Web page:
The following opinion is presented on-line for informational use only and does not replace the official version. (Mich Dept of Attorney General Web Site - www.ag.state.mi.us)
STATE OF MICHIGAN
JENNIFER M. GRANHOLM, ATTORNEY GENERAL
Police department imposing fee for receiving court-ordered bond
A police department may not charge and collect an administrative fee for receiving a bond ordered by a judge.
Opinion No. 7070
January 3, 2001
Honorable Laura M. Toy
You have asked whether a police department may charge and collect an administrative fee for receiving a bond ordered by a judge.
Information supplied with your request indicates that a police department plans to impose an administrative fee of $5.00 or more when it receives a bond ordered by a judge on an arrest warrant or bench warrant.
A police department is part of local government. In Michigan, local units of government have no inherent powers. Rather, they have only the limited powers "expressly conferred upon them by the Constitution of the State of Michigan, by acts of the Legislature, or necessarily implied therefrom." Crain v Gibson, 73 Mich App 192, 200; 250 NW2d 792 (1977), citing Alan v Wayne Co, 388 Mich 210; 200 NW2d 628 (1972); Const 1963, art 7, § 34.
Under the common law, there is no right to collect fees in court proceedings. A fee must be authorized by a statute before a public officer or public employee may impose the fee in a court proceeding. Fletcher v Kalkaska Circuit Judge, 81 Mich 186, 194; 45 NW 641 (1890); In re Fees of Court Officer, 222 Mich App 234, 242; 564 NW2d 509 (1997). The Michigan Legislature has adopted this same basic principle by enacting at least two statutory provisions limiting the imposition of fees in criminal and civil cases to those "allowed by the laws of this state" (MCL 600.2513; MSA 27A.2513), or to those "allowed by law for such services." MCL 775.10; MSA 28.1247.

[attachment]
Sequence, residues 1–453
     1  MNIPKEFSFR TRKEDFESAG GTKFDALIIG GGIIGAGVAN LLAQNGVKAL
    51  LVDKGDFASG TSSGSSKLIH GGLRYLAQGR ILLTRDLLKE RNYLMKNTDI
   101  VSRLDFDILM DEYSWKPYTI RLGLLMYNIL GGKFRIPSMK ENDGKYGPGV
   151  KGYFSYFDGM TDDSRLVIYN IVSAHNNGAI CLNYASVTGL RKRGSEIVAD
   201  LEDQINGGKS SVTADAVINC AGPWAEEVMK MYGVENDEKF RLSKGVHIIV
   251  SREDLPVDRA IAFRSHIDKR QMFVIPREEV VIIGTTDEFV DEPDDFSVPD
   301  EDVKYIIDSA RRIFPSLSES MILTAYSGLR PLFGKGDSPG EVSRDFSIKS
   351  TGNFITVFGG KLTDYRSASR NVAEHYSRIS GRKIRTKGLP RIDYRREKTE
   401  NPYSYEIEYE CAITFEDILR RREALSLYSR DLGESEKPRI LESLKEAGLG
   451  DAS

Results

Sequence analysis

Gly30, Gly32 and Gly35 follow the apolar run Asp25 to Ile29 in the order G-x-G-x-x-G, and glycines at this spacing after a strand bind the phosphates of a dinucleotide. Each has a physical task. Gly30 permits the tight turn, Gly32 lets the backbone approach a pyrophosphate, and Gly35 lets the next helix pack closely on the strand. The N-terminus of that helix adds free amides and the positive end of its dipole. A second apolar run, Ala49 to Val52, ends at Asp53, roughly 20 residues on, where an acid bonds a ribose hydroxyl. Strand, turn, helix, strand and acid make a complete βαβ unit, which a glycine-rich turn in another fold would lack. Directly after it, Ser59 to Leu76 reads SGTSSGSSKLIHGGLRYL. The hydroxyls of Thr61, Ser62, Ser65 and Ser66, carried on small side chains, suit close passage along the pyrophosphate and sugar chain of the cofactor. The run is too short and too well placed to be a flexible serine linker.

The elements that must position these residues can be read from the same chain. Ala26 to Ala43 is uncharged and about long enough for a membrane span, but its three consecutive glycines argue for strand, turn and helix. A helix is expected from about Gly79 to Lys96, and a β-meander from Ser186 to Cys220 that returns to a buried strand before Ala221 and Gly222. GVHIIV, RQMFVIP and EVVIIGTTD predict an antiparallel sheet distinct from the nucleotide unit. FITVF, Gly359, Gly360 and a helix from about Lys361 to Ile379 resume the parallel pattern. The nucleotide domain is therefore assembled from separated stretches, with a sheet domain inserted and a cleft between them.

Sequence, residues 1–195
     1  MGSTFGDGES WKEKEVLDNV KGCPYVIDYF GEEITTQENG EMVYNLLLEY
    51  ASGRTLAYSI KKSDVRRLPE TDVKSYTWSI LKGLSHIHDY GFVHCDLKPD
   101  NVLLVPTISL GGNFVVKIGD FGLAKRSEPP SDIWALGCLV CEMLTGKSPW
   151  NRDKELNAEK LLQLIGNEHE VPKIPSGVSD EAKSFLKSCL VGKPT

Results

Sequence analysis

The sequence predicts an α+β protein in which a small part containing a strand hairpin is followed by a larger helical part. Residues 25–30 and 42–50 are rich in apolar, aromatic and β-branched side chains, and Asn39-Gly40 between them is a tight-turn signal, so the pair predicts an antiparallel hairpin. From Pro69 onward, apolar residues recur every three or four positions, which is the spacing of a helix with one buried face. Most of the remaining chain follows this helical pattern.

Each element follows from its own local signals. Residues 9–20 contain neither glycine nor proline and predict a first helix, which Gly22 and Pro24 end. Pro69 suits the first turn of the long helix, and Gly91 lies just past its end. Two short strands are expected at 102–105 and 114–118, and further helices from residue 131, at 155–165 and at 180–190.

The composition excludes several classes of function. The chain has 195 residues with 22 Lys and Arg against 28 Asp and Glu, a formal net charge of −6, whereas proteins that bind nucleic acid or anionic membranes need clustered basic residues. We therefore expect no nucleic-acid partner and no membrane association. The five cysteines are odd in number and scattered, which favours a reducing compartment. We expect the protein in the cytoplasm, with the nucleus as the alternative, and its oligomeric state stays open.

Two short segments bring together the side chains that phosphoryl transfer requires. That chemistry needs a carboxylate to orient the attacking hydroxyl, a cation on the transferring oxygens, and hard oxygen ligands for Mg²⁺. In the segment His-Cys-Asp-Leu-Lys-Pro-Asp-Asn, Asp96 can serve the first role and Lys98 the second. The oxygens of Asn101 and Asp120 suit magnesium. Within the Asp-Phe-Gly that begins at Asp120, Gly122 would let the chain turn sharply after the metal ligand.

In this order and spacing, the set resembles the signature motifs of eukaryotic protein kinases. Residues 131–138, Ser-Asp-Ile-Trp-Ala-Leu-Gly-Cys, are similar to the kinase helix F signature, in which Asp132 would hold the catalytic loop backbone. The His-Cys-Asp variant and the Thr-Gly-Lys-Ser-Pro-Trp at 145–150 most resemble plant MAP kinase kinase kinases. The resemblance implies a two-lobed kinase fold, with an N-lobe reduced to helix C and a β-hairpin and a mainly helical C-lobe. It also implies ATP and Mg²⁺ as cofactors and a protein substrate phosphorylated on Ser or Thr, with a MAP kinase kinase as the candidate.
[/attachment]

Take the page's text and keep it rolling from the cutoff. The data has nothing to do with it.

Through 1966 PA 257, MCL 780.61 et seq; MSA 28.872(51) et seq, the Legislature has regulated bail for persons accused of traffic and misdemeanor offenses. When an accused person posts bail, she obtains her release from custody in exchange for promising to appear as directed for all court hearings in her case. A deliberate failure to appear results in the accused forfeiting the money she posted as bail. Section 8 of the bail statute authorizes a police officer to collect bail from an accused and to deposit it with the court clerk. But there is no authority for a police department or its employees to impose an additional administrative fee when it collects a court-ordered bond. In contrast, section 6(6) of 1966 PA 257 expressly authorizes court clerks to retain ten percent of the bail deposit as a service fee in certain cases. See also OAG, 1981-1982, No 5890, pp 153, 156 (April 30, 1981).
Research discloses no statute authorizing a police department to impose any administrative fee when it collects a court-ordered bond. In the absence of an authorizing statute, it must be concluded that a police department lacks authority to impose an administrative fee for collecting a court-ordered bond.
It is my opinion, therefore, that a police department may not charge and collect an administrative fee for receiving a bond ordered by a judge.
JENNIFER M. GRANHOLM